MY WHITE COACH DENIED ME COMMON WEALTH GAMES FOR MISSING 1.5SECS
National swimming coach and a member of the Technical Committee of Nigeria Swimming Federation (NSF), Steve Onyeacholam, would certainly have wished that he's still a young athlete of this generation because he would certainly have benefited from today's coaches, who he said are more flexible in their decisions.
Perhaps, this would have seen some top administrators making a case for him as the number one freestyle swimmer in the country in his heyday. But that was not to be, as he sensationally revealed that his white coach, Mr Watts stuck to his guns and insisted that he would not be part of the 1970 Edinburgh Commonwealth Games for his failure to make the time trials ahead of the Games.
In a recent telephone chat with Sunday Sunsports, the Delta State-born swimming coach, revealed that he and two other swimmers missed the 1970 Commonwealth Games in Scotland because of his inability to meet the time set for him by their British coach.
According to the chairman of the Technical Committee of Delta State Sports Council, he was the number one freestyle swimmer in the country then and was looked upon to lead the Nigerian three-man swimming team to Edinburgh to represent the country at the 1970 Commonwealth Games. He regretted that he could not make the contingent to Scotland because he could not meet the 1.5 seconds record the late Mr Watts set for him.
That development got him traumatized up to the point that he contemplated quitting the aquatic sport. As the number one freestyle swimmer in the country and head of the swimming group, the coach had wanted to use the time he set for him as a yardstick to judge other swimmers. But when he could not make the mark, all the swimmers (Christopher Adigupe and Joseph Atekape, who are now dead), including himself, were denied the Edinburgh trip.
According to him, the disappointment of not making it to Edinburgh, weighed him down so much, especially when he recalled that it was his failure to beat the time that also cost his colleagues the opportunity of being at the 1970 Games.
However, Onyeacholam said that apart from the sad experience of not making it to the Games in Edinburgh, there has never been a time again he regretted making swimming his chosen sport. He said he loves swimming as a sport because of the discipline it commands, and that for him, swimming remains fun just as it were during his competitive days, when he and his friends would always stay back at the swimming pool even after trainings with their coach.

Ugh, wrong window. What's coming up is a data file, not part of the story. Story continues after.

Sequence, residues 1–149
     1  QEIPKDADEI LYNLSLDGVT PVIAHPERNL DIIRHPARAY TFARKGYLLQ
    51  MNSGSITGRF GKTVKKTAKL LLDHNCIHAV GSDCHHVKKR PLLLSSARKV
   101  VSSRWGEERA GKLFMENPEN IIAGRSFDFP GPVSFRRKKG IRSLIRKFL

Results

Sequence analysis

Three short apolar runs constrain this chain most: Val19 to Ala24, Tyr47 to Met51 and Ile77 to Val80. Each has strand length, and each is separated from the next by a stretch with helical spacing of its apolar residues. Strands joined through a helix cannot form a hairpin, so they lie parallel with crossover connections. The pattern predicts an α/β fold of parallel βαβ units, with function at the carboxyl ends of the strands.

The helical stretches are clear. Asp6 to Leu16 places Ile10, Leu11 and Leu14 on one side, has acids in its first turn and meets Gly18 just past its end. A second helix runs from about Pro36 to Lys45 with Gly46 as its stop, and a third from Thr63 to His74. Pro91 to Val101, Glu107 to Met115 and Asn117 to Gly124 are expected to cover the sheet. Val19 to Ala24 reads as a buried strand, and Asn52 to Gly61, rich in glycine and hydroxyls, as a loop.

'The only time I considered quitting swimming was when my coach, Mr Watts, a Briton, denied me the opportunity of going to the Commonwealth Games in Edinburgh, Scotland in 1970, simply because I could not meet the 1.5 seconds record time he set for me while in preparation for the Games,' the former swimmer began.
'We were three in our swimming group and I was number one in freestyle. Our coach had planned to take us to Edinburgh for the freestyle event on the condition that I, as the number one freestyle swimmer in the country, must meet the 1.5 seconds time he set of me. But unfortunately, I failed to meet the target and so, he denied us the opportunity of making the trip to Edinburgh in 1970.
'The bad day came after our qualifiers and when I could not beat the set time, our dream of going to Scotland was dashed, and Nigeria was not represented in the swimming event at the Games.
'That development left me devastated that I considered quitting the sport, thank God I had a rethink. But one thing that weighed me down so much was that it was my failure to beat the set time that cost Nigeria her representation in the swimming event at the 1970 Games.
'Whenever I think of that calamity and also the guilt of denying two of my colleagues the luxury of being part of the Edinburgh Games, I feel bad,' he stated.